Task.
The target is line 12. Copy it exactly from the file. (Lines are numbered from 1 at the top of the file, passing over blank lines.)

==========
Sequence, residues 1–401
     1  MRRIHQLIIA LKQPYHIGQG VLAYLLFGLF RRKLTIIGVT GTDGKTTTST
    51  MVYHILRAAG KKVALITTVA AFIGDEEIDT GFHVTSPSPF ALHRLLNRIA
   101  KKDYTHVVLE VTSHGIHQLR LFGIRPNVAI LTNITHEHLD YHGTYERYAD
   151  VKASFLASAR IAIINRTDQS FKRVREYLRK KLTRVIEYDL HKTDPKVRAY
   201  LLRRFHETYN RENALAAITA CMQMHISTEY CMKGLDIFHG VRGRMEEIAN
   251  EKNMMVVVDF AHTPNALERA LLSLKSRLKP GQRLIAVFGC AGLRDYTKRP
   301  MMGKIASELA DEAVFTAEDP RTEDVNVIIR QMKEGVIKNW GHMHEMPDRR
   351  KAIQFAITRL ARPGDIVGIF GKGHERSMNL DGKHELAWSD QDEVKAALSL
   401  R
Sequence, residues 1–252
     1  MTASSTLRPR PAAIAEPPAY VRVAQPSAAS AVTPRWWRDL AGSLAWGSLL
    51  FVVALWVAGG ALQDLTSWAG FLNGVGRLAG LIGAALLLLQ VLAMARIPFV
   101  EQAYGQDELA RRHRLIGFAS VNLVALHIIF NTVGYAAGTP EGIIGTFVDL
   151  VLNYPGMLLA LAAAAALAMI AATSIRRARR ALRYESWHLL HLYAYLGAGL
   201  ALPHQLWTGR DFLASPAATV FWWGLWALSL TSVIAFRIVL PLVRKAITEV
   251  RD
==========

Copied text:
     1  MTASSTLRPR PAAIAEPPAY VRVAQPSAAS AVTPRWWRDL AGSLAWGSLL